In 2004, John Kerry had a problem with women voters. Pundits declared that Kerry was losing women voters - the so-called Security Moms - due to their deep-seated concerns about terrorism. These security moms simply trusted George Bush more to keep their children safe. Never mind that this swing bloc of mothers did not exist (security-focused women voters were Republicans), it was also clear that concerns about terrorism were not the main drivers of women's vote choice (see my piece, "The Security Mom Myth"). This narrative was but one in a long series of narratives (e.g., Soccer Mom, Waitress Mom) that stereotype and simplify a complex and diverse women's electorate.
Ten years later, here we go again. The tragic and horrific acts by Islamic State, Russian aggression and the deepening crisis in Iraq are disturbing and contribute to a sense of unease at a time when most voters think the country is on the wrong track. Recently, the NRCC launched a new ad offensive against Democrats highlighting a "weakness" on terrorism, declaring that Staci Appel (IA-3) would give "passports to terrorists," that Dan Maffei (NY-24) would give terrorists constitutional rights and that Rick Nolan (MN-08) does not support the fight against Al Queda.
Some now declare the reemergence of the Security Mom, citing surveys and focus groups that show women expressing elevated levels of concern about safety and security with ominous implications for Democrats. To be sure, an election cycle defined by security concerns would not be ideal for Democrats.
But we should not conflate an expression of concern about terrorism with it as a driver of vote choice. First, voters typically look to the President and to the military for security, not to members of Congress. (Name one Democratic incumbent who lost his or her office for voting against the first, and popular, Iraq War.) Moreover, there is a world of difference between where we are now and where we were just after the 9-11 attacks. According to Gallup, in June 2002, 46 percent said terrorism was the most important problem facing the US; just 4 percent do so today. A majority of voters says that this year, their decisions will be driven by domestic issues. In the latest NBC News/Wall Street Journal poll (9/3-7), 64 percent of voters say that domestic issues such as the economy, healthcare, and immigration are more important to their vote than international issues such as Iraq, Russia and terrorism (22 percent).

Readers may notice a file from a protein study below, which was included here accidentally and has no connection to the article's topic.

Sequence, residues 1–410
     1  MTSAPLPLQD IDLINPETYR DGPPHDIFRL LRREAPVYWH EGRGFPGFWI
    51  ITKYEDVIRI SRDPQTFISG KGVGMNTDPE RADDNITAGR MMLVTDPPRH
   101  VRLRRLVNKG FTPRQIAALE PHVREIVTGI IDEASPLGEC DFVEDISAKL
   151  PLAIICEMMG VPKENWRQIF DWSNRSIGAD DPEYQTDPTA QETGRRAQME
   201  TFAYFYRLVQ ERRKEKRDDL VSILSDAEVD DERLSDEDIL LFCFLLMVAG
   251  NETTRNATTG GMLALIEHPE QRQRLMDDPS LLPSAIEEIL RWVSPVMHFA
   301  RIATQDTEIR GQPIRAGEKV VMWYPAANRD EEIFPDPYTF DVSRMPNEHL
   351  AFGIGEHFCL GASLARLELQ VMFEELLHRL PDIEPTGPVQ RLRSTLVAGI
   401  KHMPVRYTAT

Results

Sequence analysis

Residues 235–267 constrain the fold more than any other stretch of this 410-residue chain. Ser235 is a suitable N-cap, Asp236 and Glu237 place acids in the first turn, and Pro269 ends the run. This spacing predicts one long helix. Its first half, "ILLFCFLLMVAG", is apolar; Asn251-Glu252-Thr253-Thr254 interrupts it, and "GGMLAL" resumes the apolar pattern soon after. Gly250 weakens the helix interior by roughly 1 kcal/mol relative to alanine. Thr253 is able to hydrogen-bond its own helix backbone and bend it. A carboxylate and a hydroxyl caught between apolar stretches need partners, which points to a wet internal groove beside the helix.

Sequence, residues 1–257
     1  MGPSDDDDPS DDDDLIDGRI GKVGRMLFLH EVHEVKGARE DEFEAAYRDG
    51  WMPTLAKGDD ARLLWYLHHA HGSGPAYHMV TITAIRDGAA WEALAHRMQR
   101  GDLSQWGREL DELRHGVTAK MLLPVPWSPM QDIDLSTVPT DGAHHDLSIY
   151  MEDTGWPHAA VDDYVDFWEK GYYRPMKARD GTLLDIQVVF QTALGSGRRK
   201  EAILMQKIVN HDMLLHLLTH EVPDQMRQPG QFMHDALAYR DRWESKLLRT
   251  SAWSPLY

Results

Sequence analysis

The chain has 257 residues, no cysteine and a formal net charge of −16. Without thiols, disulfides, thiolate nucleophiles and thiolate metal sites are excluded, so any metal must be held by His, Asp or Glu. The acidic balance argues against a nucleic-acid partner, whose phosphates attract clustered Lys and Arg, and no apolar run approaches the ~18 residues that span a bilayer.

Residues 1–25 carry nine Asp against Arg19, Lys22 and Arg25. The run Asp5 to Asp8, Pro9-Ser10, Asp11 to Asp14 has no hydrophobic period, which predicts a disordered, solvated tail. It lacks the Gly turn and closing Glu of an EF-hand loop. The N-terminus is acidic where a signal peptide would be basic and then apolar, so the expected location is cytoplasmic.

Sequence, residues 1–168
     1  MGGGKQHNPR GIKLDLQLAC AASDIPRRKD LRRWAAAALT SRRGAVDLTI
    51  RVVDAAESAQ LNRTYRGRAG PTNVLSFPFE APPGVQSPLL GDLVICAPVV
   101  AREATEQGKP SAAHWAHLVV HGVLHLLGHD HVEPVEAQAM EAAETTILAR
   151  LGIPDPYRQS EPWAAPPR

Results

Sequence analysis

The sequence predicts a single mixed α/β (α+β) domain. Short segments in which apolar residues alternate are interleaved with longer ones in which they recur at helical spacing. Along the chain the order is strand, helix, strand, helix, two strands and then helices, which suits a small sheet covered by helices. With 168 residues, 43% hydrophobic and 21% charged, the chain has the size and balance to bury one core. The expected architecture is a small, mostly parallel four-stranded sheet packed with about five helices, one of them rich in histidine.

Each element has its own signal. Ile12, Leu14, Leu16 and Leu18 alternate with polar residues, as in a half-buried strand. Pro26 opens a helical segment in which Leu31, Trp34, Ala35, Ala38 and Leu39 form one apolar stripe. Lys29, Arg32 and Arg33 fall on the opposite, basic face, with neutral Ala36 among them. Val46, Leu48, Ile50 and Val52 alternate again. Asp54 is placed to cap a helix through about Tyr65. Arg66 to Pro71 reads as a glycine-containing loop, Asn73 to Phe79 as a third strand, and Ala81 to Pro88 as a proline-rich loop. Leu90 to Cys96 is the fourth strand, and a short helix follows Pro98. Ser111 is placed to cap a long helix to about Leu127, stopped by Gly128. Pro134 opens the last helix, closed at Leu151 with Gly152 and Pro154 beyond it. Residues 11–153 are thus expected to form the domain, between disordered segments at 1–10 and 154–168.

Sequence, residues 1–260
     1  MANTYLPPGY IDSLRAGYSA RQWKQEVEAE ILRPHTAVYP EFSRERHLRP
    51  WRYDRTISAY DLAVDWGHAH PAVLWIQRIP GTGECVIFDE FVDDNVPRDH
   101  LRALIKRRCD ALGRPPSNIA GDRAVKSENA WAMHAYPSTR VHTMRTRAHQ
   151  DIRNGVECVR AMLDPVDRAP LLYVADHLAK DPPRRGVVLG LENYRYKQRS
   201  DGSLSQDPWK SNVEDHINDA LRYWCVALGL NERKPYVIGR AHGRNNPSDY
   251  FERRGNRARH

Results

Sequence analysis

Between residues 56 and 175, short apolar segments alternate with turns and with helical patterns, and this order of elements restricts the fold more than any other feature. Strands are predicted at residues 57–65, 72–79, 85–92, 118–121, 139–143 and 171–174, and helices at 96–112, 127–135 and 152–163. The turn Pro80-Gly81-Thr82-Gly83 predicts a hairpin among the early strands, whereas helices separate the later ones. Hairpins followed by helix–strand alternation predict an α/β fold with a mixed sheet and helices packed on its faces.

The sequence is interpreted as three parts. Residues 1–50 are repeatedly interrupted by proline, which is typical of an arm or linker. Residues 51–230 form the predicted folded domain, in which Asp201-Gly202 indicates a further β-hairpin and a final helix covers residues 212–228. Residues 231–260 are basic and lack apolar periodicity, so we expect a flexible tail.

It is true that a few surveys suggest women are more concerned about terrorism than men: for instance, in a CNN/ORC poll (9/5-7), 18 percent of women say they are very worried about terrorism compared to 8 percent of men. But in the NBC News/Wall Street Journal poll, there is no difference between men and women in prioritizing domestic issues over international issues when it comes to the election. In a Pew Research Center study (9/2-9), the biggest "priority gaps" between men and women are on issues like abortion, birth control, economic inequality and healthcare rather, than terrorism and foreign policy.
Finally, men are significantly more likely to support military action around the world. This has been true historically and it is true now. In another Pew study (9/11-14), women are more opposed (33 percent) than men (25 percent) to "Obama's plan for a military campaign against Islamic militants in Iraq and Syria" and more concerned (46 percent) than men (37 percent) that US military action will "go too far".
There is no doubt that Americans are feeling a profound sense of insecurity and recent international turmoil contributes to this unease. But voters are still more focused on the state of affairs at home with women are no more likely to prioritize terrorism and security as a voting issue than men. Even in the "Walmart Mom" focus groups cited in most coverage of this issue, the authors note that women's concerns about the Islamic State were tied up with other issues related to safety like school shootings, Ferguson, and crime. But every election cycle, commentators trot out gender stereotypes to try to define the "women's vote" as a monolithic bloc and this election is no different.